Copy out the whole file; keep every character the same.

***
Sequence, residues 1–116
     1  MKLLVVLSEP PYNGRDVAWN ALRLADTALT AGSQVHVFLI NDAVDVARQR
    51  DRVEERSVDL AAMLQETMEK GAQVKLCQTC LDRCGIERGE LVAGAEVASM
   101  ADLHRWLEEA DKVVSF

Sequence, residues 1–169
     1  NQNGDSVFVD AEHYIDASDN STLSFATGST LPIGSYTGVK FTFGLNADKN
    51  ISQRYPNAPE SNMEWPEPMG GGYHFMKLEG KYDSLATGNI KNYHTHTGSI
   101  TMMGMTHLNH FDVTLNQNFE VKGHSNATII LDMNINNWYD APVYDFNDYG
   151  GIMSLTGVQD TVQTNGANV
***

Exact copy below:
Sequence, residues 1–116
     1  MKLLVVLSEP PYNGRDVAWN ALRLADTALT AGSQVHVFLI NDAVDVARQR
    51  DRVEERSVDL AAMLQETMEK GAQVKLCQTC LDRCGIERGE LVAGAEVASM
   101  ADLHRWLEEA DKVVSF

Sequence, residues 1–169
     1  NQNGDSVFVD AEHYIDASDN STLSFATGST LPIGSYTGVK FTFGLNADKN
    51  ISQRYPNAPE SNMEWPEPMG GGYHFMKLEG KYDSLATGNI KNYHTHTGSI
   101  TMMGMTHLNH FDVTLNQNFE VKGHSNATII LDMNINNWYD APVYDFNDYG
   151  GIMSLTGVQD TVQTNGANV